Segal: Yes, but even the rules that are meant to stop fraud create waste, too. There are very strict rules controlling purchases in the large districts. For example, if you buy an item for the school and want to be reimbursed, you need to fill out a detailed form, attach the receipt, and provide a lengthy explanation for why you needed to buy this item. One high-level school coordinator bought a $4 battery pack to use in a school clock. He filled out the form, and sent it to the central office to get reimbursed.
But because he did not include enough detail on the form, by the time he was reimbursed, his $4 item had been reviewed and discussed by many layers of supervisors and middle managers, all making $80 to $90 an hour.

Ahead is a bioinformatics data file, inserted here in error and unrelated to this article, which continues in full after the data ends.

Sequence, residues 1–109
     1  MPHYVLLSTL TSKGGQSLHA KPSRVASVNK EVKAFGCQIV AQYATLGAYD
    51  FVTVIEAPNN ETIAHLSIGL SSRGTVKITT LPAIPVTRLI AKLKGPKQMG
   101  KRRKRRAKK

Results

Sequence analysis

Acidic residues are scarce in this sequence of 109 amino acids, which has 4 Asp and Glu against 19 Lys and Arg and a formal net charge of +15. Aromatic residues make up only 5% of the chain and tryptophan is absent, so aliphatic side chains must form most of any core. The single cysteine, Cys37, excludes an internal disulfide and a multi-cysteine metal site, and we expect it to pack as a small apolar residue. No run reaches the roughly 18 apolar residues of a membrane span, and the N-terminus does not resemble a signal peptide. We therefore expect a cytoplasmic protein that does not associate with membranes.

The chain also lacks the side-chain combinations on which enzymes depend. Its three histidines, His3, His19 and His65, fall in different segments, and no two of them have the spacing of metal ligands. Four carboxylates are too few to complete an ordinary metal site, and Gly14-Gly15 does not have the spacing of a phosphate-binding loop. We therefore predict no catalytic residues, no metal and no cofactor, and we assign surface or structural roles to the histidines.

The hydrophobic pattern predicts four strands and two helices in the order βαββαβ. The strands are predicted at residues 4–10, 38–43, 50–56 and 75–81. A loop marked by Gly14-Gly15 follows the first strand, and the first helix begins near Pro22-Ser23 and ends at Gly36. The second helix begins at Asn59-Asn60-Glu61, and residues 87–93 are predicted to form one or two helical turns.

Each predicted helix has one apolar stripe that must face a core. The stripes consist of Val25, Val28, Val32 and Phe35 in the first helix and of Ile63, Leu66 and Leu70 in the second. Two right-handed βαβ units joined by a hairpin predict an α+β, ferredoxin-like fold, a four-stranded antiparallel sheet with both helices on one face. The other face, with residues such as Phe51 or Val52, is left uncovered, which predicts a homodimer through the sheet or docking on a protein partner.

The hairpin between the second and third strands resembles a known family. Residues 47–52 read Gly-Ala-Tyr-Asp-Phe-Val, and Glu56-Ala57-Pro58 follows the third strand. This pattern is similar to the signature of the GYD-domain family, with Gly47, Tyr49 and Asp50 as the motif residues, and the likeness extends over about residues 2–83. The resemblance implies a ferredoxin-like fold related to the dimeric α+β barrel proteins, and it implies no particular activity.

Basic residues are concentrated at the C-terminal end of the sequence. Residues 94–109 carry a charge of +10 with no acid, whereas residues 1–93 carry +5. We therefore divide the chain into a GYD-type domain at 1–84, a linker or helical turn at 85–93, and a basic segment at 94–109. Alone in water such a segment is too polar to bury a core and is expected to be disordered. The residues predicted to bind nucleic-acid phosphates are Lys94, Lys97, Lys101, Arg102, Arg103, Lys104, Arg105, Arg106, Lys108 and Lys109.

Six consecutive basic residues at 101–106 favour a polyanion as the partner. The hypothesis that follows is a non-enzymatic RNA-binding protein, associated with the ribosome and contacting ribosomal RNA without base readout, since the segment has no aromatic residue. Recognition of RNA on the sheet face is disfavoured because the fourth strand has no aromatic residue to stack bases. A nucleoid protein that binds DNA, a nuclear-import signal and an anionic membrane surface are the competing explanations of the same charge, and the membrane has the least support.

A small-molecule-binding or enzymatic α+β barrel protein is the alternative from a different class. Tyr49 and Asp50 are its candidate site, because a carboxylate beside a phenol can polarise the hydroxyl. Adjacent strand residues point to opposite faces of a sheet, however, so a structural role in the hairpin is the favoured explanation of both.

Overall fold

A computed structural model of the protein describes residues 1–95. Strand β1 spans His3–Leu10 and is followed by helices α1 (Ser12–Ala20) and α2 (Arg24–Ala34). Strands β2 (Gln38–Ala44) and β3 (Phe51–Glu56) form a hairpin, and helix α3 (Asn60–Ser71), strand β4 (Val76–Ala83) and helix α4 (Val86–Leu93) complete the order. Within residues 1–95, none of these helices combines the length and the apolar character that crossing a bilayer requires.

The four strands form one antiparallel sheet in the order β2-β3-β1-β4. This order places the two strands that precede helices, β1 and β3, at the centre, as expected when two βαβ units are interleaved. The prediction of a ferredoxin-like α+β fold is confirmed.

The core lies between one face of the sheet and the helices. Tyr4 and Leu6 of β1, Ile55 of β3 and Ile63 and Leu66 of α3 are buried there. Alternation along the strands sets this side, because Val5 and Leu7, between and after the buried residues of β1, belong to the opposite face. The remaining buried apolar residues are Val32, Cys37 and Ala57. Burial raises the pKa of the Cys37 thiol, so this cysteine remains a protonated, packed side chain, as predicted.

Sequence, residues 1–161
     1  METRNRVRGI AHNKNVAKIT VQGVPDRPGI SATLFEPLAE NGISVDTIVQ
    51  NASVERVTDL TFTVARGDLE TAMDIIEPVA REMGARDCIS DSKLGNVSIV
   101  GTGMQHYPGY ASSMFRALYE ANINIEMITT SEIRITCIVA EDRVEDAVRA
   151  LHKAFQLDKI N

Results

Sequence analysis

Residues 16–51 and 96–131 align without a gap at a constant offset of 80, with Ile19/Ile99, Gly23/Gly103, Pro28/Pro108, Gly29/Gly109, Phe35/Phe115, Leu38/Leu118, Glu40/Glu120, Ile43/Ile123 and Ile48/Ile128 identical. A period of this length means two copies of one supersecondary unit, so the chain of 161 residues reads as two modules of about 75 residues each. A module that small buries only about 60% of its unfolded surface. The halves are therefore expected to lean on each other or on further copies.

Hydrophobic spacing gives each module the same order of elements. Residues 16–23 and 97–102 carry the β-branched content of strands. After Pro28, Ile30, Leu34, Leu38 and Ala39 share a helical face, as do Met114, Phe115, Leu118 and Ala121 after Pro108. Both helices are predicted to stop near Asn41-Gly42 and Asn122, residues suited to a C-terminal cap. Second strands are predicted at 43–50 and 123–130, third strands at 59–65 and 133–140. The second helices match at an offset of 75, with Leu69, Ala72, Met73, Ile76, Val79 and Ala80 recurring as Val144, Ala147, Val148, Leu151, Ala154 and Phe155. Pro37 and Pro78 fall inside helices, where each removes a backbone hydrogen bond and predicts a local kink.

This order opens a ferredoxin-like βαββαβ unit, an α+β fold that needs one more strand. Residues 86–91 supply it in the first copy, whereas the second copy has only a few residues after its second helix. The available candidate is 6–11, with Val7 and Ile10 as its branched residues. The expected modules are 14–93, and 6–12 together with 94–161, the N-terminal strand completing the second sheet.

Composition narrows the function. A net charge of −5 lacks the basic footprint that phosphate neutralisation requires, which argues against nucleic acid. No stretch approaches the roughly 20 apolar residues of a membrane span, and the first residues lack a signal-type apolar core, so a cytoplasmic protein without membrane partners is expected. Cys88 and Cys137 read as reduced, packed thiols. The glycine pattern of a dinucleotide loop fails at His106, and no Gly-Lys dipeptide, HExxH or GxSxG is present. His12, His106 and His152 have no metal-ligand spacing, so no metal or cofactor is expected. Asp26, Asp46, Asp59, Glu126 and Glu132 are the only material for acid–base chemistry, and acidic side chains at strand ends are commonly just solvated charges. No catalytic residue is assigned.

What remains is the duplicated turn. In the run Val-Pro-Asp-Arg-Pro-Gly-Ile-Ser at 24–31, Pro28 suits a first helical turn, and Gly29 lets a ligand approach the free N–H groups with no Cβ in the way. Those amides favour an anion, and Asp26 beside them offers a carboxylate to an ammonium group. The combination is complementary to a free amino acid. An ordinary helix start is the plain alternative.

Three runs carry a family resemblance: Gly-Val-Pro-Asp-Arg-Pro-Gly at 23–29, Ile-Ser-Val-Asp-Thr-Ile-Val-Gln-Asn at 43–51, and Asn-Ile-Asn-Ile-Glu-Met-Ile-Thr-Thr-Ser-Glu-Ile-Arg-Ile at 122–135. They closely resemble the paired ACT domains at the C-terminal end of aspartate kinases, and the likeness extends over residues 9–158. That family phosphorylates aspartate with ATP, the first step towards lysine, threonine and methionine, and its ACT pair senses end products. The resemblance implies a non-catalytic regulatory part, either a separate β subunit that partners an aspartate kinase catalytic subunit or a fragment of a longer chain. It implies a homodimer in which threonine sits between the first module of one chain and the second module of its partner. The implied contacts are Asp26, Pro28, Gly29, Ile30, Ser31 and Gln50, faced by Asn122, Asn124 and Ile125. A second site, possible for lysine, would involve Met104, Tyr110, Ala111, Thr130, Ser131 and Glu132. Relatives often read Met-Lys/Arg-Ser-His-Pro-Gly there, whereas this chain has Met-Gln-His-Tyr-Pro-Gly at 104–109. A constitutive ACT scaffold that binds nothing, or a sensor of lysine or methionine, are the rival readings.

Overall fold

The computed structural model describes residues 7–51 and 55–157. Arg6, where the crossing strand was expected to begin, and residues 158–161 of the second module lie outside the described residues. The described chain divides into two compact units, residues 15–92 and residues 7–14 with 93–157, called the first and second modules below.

But not only do top-down rules often waste more money than they save, they often don’t even stop fraud. Workers at the central school warehouse were hauling boxes of supplies home in their cars while other central employees spent a fortune trying to prevent teachers from ordering a penny more in supplies than they were allocated.
Most telling, almost all the corruption and waste that I found in large, top-down school systems was located in their central offices, not in schools. That again reinforces the point that decentralization, with the proper safeguards, is the way to go.
Clowes: A state appeals court recently ruled that New York’s public schools needed more money. Did the court take into account just how much money is being wasted in the school system?